“The Return” by Minna Irving

I pushed the tangled grass away

And lifted up the stone,

And flitted down the churchyard path

With grasses overgrown.

I halted at my mother’s door

And shook the rusty catch

“The wind is rising fast,” she said,

“It rattles at the latch.”

I crossed the street and paused again

Before my husband’s house,

My baby sat upon his knee

As quiet as a mouse.

I pulled the muslin curtain by,

He rose the blinds to draw

“I feel a draught upon my back,

The night is cold and raw.”

I met a man who loved me well

In days ere I was wed,

He did not hear, he did not see,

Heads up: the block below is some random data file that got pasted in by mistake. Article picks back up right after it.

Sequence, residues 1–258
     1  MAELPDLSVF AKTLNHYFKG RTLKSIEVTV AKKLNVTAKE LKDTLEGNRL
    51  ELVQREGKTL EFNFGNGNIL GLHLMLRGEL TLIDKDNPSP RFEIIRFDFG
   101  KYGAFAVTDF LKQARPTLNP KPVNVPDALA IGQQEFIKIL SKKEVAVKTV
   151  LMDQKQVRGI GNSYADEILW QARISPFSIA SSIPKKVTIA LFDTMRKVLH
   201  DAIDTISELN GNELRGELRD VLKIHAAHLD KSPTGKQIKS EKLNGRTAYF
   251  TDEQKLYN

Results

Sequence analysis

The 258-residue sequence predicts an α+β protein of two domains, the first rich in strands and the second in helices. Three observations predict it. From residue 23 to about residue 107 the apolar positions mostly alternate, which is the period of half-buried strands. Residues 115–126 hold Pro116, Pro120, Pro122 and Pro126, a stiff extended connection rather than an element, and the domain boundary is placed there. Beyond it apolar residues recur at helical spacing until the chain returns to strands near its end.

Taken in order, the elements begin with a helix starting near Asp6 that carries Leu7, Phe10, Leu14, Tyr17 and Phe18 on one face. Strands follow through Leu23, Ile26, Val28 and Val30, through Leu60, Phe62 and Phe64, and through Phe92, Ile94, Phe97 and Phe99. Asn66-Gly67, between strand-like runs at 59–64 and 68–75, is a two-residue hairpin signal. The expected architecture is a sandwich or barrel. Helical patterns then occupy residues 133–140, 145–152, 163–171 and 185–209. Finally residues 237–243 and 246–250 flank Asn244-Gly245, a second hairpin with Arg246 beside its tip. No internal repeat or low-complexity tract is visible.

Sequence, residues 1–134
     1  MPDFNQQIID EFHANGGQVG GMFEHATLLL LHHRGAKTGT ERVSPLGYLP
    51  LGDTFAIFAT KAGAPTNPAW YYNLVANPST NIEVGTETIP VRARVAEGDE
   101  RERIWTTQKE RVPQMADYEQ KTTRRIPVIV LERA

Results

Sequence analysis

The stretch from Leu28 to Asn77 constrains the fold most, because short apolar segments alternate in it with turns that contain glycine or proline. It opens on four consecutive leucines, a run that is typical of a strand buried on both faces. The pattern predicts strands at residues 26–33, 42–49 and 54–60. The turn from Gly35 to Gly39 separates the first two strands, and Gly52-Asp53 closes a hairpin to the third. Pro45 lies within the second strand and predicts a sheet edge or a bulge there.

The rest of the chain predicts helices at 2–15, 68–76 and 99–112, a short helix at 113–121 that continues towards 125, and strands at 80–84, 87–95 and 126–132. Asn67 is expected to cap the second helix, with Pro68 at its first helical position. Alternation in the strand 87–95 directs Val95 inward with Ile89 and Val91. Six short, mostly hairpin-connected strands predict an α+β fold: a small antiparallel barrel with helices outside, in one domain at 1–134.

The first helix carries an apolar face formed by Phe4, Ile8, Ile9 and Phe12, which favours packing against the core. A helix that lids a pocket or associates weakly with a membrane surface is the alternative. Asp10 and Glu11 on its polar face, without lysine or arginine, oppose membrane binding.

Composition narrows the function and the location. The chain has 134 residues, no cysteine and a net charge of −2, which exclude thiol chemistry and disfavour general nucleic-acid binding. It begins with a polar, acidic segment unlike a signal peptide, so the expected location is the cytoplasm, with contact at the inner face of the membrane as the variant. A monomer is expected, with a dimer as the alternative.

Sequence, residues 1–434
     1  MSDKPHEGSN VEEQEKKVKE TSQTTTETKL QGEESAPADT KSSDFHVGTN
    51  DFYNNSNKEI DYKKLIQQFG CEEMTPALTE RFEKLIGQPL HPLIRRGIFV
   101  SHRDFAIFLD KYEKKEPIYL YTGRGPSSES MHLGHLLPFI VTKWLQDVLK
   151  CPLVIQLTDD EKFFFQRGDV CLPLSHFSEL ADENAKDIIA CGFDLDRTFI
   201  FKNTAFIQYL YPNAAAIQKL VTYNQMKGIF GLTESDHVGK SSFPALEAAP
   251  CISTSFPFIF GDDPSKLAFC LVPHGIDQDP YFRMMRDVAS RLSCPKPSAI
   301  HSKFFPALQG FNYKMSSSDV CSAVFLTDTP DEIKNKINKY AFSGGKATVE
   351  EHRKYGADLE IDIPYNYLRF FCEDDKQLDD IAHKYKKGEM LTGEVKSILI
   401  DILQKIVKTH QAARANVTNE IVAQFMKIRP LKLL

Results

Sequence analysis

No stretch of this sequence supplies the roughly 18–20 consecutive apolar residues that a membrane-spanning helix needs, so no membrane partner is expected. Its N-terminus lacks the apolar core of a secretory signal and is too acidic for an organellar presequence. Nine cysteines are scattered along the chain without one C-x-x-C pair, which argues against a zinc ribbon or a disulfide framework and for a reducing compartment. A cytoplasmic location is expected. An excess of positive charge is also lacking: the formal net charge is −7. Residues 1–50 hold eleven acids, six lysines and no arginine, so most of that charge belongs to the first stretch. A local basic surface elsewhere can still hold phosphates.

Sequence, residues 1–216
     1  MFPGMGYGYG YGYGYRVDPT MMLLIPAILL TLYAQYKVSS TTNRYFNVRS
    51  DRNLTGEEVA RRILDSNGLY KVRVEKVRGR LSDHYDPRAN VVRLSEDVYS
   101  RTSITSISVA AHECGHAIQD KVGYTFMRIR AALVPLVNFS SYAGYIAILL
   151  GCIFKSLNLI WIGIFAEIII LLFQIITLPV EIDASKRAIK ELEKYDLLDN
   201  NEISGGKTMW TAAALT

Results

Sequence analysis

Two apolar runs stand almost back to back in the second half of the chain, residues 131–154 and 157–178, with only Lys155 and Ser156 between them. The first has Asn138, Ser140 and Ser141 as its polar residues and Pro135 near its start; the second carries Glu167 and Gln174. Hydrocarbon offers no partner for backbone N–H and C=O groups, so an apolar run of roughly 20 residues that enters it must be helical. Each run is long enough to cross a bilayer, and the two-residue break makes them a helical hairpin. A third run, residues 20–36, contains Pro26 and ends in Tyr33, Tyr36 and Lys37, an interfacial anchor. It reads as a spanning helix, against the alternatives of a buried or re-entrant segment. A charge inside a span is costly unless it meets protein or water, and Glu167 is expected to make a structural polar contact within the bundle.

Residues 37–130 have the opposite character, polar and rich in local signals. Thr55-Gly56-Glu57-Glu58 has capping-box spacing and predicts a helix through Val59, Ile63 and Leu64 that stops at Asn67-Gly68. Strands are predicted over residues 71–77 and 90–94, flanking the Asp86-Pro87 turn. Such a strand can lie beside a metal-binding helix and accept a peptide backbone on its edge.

So silently I fled.

But when I found my poor old dog,

Though blind and deaf was he,

And feeble with his many years,

He turned and followed me.


Minna Irving, “The Return”

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19 thoughts on ““The Return” by Minna Irving

    • I know! Sweet dog. :’-}

      If you want a laugh, check out the hyperlink at the poetess’s name – it takes you to an article from the 1890’s in the New York Times from a trial she was involved in. She sounds like she was quite a handful!

    • Thanks, Renae! I’ve been enjoying your writing, as well. Hope we see you back here again – Acadia and I have plans for you all this Halloween.

      *laughs mysteriously*

      Well, okay, it’s mostly just a really fabulous Halloween contest. But still! Costumes! Prizes! Halloween stuff! It will be like a carnival full of good times and candy apples!

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